I love the mispronounced words and poor grammar and quickness to laugh that characterizes small children. And I'm glad I stuck around for a few extra hours with a pre-schooler on-the-go and three fun teenagers.

On the train back to Toronto, I discovered that my ticket was not adequate for the distance I was traveling. This set me into the sweats, but after listening to a strict lecture on the difference between TTC and GO transit systems (which I know well), I was let off with a warning instead of the $100 fine. He must have been able to tell I was on the verge of tears and that it was an honest mistake.

This is apparently what happens when you start to gloat that you are getting free trips to friends, courtesy of a partially-used multi-ticket given to you by an ex. You don't verify the details, and it turns out you were misinformed, and it almost costs you a lot of money you don't have... But then you remember that once upon a time, it was a gift given in kindness, and you didn't pay for this delightful visit with friends, and the transit cop was gracious and next time, you'll buy a $4 add-on ticket, like he told you to.


Today I cleaned and shopped and baked cupcakes for a celebratory dinner tomorrow night. My upstairs neighbour had excess icing that she was going to throw out, but knowing my penchant for eating spoonfuls of the stuff, offered it to me instead. Now I have sweets all ready for the week. I used this cupcake recipe, and tomorrow's guests can choose between strawberry cream cheese and mocha buttercream icing.

(this little guy fell apart in one corner, so I had to eat him. #TakeOneForTheTeam)

I am going to opt for spoonfuls and spoonfuls of both on top of mini cupcakes. Mmmmm. If I fatten myself up this week, I can get traveller's diarrhea next week, and end up at a normal weight when I get home.


Seriously though, pumped for my trip. I just booked my hotel near Heathrow (with an 18hr layover, I am going to get a normal night's sleep!), and as I carefully verified all the shuttle & transit details, it occurred to me: If I am confused, I can just ask. Because we speak the same language! It's been a few years since I've traveled internationally through/to an English-speaking country, and let me tell you - I am looking forward to it. Our Spanish phrasebook was a lifesaver last summer. This summer, it will be SO refreshing to speak freely and fluently.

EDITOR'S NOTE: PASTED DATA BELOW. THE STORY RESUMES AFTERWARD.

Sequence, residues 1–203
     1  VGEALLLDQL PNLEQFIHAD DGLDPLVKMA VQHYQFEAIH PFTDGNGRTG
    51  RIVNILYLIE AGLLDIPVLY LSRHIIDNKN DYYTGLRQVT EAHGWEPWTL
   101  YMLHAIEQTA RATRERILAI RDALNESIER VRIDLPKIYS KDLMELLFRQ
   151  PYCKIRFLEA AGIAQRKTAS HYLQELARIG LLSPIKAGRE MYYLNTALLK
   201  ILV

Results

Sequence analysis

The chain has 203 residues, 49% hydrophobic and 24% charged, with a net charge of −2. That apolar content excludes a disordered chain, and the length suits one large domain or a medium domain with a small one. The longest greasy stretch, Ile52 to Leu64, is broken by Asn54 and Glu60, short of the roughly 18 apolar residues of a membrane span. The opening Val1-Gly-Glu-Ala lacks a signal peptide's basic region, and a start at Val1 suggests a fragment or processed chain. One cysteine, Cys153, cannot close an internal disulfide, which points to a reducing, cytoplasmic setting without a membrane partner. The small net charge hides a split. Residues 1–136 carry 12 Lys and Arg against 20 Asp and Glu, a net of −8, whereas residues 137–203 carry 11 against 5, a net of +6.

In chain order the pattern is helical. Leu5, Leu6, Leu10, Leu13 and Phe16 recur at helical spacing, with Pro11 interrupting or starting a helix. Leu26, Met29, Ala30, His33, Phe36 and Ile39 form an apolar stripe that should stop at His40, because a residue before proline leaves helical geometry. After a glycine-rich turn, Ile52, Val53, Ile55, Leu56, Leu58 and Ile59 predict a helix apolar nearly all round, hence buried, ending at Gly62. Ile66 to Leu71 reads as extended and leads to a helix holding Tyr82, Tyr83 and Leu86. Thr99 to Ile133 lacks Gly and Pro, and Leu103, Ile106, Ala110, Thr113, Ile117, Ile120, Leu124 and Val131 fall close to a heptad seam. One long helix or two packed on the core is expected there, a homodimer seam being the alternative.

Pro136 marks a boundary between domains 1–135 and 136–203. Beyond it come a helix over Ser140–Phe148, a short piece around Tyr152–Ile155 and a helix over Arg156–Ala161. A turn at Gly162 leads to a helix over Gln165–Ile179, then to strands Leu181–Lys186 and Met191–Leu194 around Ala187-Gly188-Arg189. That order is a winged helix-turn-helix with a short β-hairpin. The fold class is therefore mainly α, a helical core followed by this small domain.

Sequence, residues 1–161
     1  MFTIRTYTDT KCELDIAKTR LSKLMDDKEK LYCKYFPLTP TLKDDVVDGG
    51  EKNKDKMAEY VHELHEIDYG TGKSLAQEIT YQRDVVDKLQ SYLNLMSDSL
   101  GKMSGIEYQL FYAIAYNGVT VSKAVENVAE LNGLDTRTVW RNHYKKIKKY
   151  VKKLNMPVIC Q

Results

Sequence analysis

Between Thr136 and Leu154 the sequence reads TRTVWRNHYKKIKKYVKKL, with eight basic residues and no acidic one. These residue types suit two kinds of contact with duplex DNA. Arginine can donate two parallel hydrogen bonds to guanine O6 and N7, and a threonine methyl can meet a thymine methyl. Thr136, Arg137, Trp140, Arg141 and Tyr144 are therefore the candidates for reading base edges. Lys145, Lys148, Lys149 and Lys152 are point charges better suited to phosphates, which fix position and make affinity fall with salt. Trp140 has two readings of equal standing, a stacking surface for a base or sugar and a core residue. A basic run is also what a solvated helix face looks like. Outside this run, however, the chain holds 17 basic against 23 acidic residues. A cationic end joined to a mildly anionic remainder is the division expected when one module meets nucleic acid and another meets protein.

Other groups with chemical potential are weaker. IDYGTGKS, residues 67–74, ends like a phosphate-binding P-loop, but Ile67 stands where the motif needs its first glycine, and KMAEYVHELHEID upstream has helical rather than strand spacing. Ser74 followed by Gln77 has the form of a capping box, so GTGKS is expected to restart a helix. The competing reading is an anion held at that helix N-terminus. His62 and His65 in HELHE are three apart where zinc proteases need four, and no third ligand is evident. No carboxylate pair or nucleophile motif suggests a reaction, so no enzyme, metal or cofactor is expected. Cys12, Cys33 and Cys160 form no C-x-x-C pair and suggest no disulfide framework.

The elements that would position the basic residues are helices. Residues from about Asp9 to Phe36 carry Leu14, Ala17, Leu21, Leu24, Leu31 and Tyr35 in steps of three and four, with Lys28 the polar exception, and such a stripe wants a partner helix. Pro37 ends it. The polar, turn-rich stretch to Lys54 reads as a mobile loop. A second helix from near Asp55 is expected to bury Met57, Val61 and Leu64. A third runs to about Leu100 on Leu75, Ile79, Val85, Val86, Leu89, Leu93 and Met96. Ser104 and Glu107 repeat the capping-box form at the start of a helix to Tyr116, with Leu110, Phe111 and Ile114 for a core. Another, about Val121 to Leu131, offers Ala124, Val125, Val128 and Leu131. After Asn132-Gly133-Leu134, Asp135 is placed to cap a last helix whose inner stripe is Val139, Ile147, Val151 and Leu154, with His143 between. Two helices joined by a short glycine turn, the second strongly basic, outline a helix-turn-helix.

June 15, 2012

June 15th & My Roommate is Great

me: Today is June 15. We are halfway through the month. We are halfway through THE YEAR today!
Karen: Um, no. That's the end of June. But we're almost there...
me: Right... Yep. That's true.

a text convo, re: a change in my plans - 
me: Hey, turns out I'm coming straight home from work after all. Not sure what you're up to, but just thought I'd let you know.
Karen: Dang. I guess I'll have to find a different Naked Night this week.
me: Yup. And I've called dibs on tomorrow.

and texting on her move-in day - 
Karen: We might have to reinforce the walls and windows in our apartment... How else will it be able to contain all of our awesomeness??
me: Our awesome is going to blow this mother down.
Karen: Whoa, whoa, whoa... Let's not be hasty. We want our security deposit back.
me: I am literally laughing out loud on the bus.

Seriously love this girl.

June 13, 2012

June 12, 2012

On Writing & Womanhood

"I write because there are stories that people have forgotten to tell, because I am a woman trying to stand up in my life. I write because to form a word with your lips and tongue or think a thing and then dare to write it down so you can never take it back is the most powerful thing I know. I am trying to come alive, to find the distances in my own recesses and bring them forward and give them color and form.”
Natalie Goldberg, Writing Down The Bones

June 11, 2012

Today's Thoughts: Uganda & Job-Hunting